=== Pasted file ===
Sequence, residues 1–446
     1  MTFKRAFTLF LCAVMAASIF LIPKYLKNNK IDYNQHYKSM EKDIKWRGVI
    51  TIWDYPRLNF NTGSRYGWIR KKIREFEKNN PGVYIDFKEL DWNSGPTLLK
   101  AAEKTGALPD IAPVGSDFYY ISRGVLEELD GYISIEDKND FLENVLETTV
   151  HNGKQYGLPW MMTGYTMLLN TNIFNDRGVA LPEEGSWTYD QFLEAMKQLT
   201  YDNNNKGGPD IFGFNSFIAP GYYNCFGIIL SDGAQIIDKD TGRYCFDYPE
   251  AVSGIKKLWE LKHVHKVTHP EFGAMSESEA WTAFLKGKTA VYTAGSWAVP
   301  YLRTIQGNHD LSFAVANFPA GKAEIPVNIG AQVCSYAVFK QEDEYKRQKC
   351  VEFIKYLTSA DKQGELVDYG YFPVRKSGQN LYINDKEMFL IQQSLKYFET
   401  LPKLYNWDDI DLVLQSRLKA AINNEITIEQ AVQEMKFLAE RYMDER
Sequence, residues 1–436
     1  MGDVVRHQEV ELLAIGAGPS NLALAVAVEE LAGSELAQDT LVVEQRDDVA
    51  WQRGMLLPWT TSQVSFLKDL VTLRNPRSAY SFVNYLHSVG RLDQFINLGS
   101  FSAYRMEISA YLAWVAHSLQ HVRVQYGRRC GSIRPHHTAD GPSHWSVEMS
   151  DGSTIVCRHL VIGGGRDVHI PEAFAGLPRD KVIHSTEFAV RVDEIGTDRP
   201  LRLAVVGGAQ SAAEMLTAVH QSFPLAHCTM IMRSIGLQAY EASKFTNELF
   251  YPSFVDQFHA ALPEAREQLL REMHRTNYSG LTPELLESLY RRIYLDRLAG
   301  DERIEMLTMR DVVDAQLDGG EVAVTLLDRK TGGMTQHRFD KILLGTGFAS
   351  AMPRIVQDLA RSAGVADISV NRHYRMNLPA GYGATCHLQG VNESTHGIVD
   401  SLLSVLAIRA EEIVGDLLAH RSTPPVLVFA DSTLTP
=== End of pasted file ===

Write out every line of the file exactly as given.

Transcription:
Sequence, residues 1–446
     1  MTFKRAFTLF LCAVMAASIF LIPKYLKNNK IDYNQHYKSM EKDIKWRGVI
    51  TIWDYPRLNF NTGSRYGWIR KKIREFEKNN PGVYIDFKEL DWNSGPTLLK
   101  AAEKTGALPD IAPVGSDFYY ISRGVLEELD GYISIEDKND FLENVLETTV
   151  HNGKQYGLPW MMTGYTMLLN TNIFNDRGVA LPEEGSWTYD QFLEAMKQLT
   201  YDNNNKGGPD IFGFNSFIAP GYYNCFGIIL SDGAQIIDKD TGRYCFDYPE
   251  AVSGIKKLWE LKHVHKVTHP EFGAMSESEA WTAFLKGKTA VYTAGSWAVP
   301  YLRTIQGNHD LSFAVANFPA GKAEIPVNIG AQVCSYAVFK QEDEYKRQKC
   351  VEFIKYLTSA DKQGELVDYG YFPVRKSGQN LYINDKEMFL IQQSLKYFET
   401  LPKLYNWDDI DLVLQSRLKA AINNEITIEQ AVQEMKFLAE RYMDER
Sequence, residues 1–436
     1  MGDVVRHQEV ELLAIGAGPS NLALAVAVEE LAGSELAQDT LVVEQRDDVA
    51  WQRGMLLPWT TSQVSFLKDL VTLRNPRSAY SFVNYLHSVG RLDQFINLGS
   101  FSAYRMEISA YLAWVAHSLQ HVRVQYGRRC GSIRPHHTAD GPSHWSVEMS
   151  DGSTIVCRHL VIGGGRDVHI PEAFAGLPRD KVIHSTEFAV RVDEIGTDRP
   201  LRLAVVGGAQ SAAEMLTAVH QSFPLAHCTM IMRSIGLQAY EASKFTNELF
   251  YPSFVDQFHA ALPEAREQLL REMHRTNYSG LTPELLESLY RRIYLDRLAG
   301  DERIEMLTMR DVVDAQLDGG EVAVTLLDRK TGGMTQHRFD KILLGTGFAS
   351  AMPRIVQDLA RSAGVADISV NRHYRMNLPA GYGATCHLQG VNESTHGIVD
   401  SLLSVLAIRA EEIVGDLLAH RSTPPVLVFA DSTLTP